Alexandria Ocasio-Cortez, daughter of a Puerto Rican mother and a South Bronx father, has a question for New Yorkers: who has New York been changing for? A newly released ad in support of her bid for Congress doesn’t think that’s a rhetorical question. With images of the Bronx native’s daily routine intercut with footage of the New York City she knows and wants to represent, the two-minute spot stresses again and again how the city’s working class has been slowly left behind.
Structured as a day in the life of the would-be congresswoman, this passionate plea puts Ocasio-Cortez’s credentials front and center. “I’m an educator, an organizer, a working class New Yorker,” she says as we see her getting ready for work, waiting for the subway, walking and talking with children and neighbors alike. The sights of the expensive skyscrapers being built that have become synonymous with the gentrifying forces that keep displacing communities all over the five boroughs butt up against the candid shots of mothers walking their kids from school, children manning bake sale tables, and service workers getting by.
One great thing about our campaign video: not a single consultant was involved.
I wrote the script. My family is the closing shot. That’s my actual bodega.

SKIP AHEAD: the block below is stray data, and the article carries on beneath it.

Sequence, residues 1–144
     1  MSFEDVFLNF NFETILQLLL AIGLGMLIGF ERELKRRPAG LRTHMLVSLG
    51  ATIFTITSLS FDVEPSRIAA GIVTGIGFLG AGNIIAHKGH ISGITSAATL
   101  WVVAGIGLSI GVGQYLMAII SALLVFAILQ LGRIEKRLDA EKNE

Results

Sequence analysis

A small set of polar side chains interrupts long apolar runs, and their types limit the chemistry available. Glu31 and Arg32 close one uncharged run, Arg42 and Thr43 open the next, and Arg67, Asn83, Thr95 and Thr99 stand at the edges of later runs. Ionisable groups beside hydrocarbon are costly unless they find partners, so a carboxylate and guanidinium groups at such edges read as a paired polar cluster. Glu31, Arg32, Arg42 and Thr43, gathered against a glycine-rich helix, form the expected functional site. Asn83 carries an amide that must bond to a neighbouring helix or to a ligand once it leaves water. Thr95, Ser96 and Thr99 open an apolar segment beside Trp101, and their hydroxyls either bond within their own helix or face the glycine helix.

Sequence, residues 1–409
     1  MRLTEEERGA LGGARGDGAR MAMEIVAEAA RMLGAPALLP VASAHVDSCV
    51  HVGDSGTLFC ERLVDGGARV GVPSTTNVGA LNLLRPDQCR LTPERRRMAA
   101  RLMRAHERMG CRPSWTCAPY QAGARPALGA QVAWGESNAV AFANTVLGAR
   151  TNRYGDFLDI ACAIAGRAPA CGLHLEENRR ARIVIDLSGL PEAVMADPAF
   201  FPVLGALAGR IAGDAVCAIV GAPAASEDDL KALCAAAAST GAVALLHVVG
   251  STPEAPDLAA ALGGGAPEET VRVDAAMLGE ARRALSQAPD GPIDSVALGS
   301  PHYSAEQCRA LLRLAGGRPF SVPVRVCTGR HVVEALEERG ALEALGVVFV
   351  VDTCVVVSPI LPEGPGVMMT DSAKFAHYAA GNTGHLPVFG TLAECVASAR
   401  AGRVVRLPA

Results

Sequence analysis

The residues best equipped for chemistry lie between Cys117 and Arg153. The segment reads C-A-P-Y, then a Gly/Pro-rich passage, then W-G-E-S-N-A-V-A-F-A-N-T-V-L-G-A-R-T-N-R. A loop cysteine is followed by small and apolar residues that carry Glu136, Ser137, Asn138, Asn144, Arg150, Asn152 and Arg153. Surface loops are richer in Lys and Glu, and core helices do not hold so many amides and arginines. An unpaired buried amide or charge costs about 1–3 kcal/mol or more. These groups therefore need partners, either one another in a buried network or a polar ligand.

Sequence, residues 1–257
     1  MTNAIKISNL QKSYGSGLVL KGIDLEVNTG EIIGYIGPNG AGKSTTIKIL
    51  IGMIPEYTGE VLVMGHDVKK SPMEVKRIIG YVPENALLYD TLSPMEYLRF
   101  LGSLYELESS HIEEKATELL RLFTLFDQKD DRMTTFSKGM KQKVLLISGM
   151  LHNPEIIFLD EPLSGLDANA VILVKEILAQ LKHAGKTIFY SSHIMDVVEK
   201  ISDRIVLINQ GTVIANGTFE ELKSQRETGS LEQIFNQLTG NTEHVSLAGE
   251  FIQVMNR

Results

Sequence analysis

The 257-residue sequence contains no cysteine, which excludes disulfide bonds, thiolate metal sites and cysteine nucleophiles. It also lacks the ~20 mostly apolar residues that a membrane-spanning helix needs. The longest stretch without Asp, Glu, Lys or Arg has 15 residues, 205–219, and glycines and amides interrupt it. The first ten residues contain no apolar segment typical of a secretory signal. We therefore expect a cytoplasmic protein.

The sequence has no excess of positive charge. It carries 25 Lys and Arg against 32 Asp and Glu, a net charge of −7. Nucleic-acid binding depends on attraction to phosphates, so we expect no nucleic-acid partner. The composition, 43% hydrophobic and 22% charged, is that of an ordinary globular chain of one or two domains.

Detroit DSAers @means_tv worked with our team to film and tell the story.
Volunteers coordinated the shoot. pic.twitter.com/xH30sGTFKC
— Alexandria Ocasio-Cortez (@Ocasio2018) May 30, 2018
Hoping to be an advocate for the people, the ad makes one thing clear: this Latina wants to make progressive ideals a reality. “What the Bronx and Queens needs,” she says, “is Medicare-for-all, tuition-free public college, a federal jobs guarantee, and criminal justice reform.” Scored with an uplifting piano tune you’d hear at a climactic scene in a feel-good movie, it’s clear the video wants you to cheer for the inclusive vision of New York City being presented. “A New York for the many is possible,” Ocasio-Cortez tells us. And given that you’ve seen her speak out at a church, change her heels in an above-ground subway station, and end her day surrounded by family in her cozy apartment, you’re emboldened to believe that all we need, as the video’s title suggests, is the courage to change.